Our finding that BNST inactivation disrupts the development of sensitization without obvious effects on shock responses has parallels in several other studies from very different domains. Of particular interest are findings from Delfs et al. (2000) who found that intra-BNST infusions of a noradrenergic β1/β2 receptor antagonist cocktail (betaxolol + ICI 118,551), or of the non-selective β-receptor antagonist S-propranolol, or of the noradrenergic α2 agonist clonidine (which inhibits norepinephrine release via actions on presynaptic receptors (Forray et al., 1995; Forray et al., 1997) each block the development of withdrawal-induced place aversions with only modest (e.g., teeth chattering, eye twitching) or non-existent (e.g., wet dog shakes, jump escapes) effects on the acute somatic signs of withdrawal. Similar results have been reported by Cecchi et al. (2007). The noradrenergic system was targeted in these studies because of the extraordinarily high levels of norepinephrine found in the BNST (e.g., Brownstein et al., 1974; Kilts and Anderson, 1986) and released during stress (Pacak et al., 1995; Pardon et al., 2002).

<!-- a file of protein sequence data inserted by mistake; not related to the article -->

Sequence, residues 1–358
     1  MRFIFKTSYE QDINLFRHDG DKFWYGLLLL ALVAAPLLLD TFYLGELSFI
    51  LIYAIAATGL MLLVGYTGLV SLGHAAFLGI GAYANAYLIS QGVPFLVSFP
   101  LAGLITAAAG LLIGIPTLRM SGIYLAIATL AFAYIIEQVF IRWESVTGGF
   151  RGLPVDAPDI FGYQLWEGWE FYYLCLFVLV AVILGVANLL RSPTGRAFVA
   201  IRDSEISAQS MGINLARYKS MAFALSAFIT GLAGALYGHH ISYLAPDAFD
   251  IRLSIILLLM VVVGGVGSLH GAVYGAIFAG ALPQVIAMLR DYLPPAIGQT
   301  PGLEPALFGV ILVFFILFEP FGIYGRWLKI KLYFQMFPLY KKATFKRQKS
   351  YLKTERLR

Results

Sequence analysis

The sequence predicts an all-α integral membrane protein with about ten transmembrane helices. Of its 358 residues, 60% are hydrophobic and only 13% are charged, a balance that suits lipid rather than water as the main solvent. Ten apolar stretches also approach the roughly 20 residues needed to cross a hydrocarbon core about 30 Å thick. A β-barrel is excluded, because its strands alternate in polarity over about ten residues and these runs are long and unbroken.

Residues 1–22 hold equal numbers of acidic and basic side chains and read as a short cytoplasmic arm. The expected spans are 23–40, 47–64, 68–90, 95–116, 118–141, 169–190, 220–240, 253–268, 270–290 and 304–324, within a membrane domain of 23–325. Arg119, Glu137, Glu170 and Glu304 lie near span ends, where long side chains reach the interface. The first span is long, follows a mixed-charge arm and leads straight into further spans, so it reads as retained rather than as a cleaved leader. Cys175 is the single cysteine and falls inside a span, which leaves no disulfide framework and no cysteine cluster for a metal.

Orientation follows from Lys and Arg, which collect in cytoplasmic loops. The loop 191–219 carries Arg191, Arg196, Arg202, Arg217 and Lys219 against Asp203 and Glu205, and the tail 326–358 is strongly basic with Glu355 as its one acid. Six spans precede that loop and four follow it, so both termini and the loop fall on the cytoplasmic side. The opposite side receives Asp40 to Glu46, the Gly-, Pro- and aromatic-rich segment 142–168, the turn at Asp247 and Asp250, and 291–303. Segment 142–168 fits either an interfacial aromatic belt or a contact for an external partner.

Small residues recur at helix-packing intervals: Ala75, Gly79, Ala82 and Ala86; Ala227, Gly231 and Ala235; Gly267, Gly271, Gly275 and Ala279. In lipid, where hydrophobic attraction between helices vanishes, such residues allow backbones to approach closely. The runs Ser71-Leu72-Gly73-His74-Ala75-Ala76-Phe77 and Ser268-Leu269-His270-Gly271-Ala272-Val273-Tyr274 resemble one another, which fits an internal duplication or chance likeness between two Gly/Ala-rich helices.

Results from Deyama and colleagues, who have investigated the BNST’s role in pain and pain-motivated behavior, are again very similar. They found that conditioned place avoidance to a context associated with either somatic (intraplantar formalin injection) or visceral (intra-peritoneal acetic acid injection) pain is prevented by both pre-training excitotoxic BNST lesions (Deyama et al., 2007) and also by pre-training intra-BNST infusions of the noradrenergic β1-receptor antagonist timolol (Deyama et al., 2008a; Deyama et al., 2008b). These same manipulations do not however disrupt pain behavior itself (i.e., the immediate response to acetic acid or formalin injection).